In the world of HR Software Solutions, HR managers can opt for either a local or an overseas provider.
In general, companies cite factors such as quality, commitment, price, reputation, business culture compatibility and location when selecting a third party vendor. Additional factors like understanding goals, management of the business relationship and strong communication are also important for the ongoing success of the relationship.
The choice to go offshore or appoint locally can hinge on these factors, as well as language compatibility, security and privacy, the suppliers ability to support the company, and the legal culture.
ELMO’s solutions specialist, Jason Portelli, presented on this topic at the HR Tech Fest conference in Sydney on 30 November 2015 (download presentation). He acknowledged that while each organisation is unique, the local vs overseas supplier debate does highlight a few key commonalities all Australian and New Zealand companies share:
Great communication and frequent liaison is critical when implementing a new Talent Management solution. The implementation process spans everything from requirement gathering, workflow mapping, system integration, testing and launching. It’s not just having a team ”on the ground” that makes it easier to negotiate this process, but that team’s comprehensive knowledge of the product AND local HR best practice. This is the contributor to success.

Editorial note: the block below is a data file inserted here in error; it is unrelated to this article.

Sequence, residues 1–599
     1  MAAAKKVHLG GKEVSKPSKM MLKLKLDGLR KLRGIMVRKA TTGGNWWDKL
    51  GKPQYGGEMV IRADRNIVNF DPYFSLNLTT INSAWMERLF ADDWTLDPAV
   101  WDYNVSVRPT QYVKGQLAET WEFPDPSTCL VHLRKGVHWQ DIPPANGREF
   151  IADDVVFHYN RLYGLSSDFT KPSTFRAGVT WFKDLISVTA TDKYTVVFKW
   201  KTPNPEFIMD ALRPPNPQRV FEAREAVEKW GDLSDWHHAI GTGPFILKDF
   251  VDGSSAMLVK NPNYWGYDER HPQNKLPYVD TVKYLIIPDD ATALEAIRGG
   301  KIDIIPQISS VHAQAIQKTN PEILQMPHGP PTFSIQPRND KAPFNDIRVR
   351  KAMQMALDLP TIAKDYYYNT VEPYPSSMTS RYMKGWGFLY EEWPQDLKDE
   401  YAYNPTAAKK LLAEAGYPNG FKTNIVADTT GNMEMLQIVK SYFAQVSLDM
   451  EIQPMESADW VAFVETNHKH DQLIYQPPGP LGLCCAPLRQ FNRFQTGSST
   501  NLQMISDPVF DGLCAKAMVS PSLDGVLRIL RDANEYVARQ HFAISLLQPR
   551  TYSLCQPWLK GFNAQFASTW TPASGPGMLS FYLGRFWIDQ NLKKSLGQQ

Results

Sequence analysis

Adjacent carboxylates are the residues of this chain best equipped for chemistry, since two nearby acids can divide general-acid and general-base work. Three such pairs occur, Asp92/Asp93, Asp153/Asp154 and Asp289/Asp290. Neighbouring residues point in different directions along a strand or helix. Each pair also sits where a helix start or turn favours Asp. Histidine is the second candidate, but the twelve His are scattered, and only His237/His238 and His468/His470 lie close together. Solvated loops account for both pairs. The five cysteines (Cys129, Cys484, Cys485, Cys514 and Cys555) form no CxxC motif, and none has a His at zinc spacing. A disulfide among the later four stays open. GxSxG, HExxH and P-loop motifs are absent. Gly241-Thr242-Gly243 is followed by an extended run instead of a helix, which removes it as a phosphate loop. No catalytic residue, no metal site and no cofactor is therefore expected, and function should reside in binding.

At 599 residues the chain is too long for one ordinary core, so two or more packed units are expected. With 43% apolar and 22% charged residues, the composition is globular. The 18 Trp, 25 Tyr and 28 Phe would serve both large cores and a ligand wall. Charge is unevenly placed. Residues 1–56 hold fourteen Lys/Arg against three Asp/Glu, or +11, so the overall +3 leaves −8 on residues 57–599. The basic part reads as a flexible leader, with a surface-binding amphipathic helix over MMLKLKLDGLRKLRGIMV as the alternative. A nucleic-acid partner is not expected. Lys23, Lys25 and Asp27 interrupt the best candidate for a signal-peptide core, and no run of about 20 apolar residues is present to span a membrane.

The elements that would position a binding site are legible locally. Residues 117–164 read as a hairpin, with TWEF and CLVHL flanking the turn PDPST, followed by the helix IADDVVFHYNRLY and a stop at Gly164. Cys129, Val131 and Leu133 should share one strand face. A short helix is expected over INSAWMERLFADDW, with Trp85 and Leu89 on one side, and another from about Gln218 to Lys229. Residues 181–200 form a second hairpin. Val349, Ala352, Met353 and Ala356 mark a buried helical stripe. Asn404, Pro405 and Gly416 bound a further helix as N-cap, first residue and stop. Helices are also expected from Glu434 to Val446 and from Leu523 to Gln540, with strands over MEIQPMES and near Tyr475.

Once the system has been launched, your workforce will require access to support. A local supplier who hosts the solution locally and offers local support will not only be available when you need them, but will relate to your situation, understand local terminology and generally be able to solve your problem faster.
Workflows differ from organisation to organisation, and from country to country. Overseas solutions can offer some contextualisation to the APAC region, however, there is often limited customisation available to match existing local workflows. A good example of this is the ELMO Onboarding solution has direct integration with the ATO, something an overseas solution is unable to offer.
This compatibility issue is even more pronounced if you are intending to scale your solution as your requirements change – a compatible, integrated and scalable system will keep pace with any organisational change, rather than attract additional development costs that will cost you not just money, but time too.
It’s often the little things that influence perception and the engagement of your workforce. We don’t use zip code we use post code. Our leaders aren’t VPs they are MDs. We spell organisation with an S, not a Z. A level of personalisation is expected these days and not using the correct terminology implies a lack of local relevance.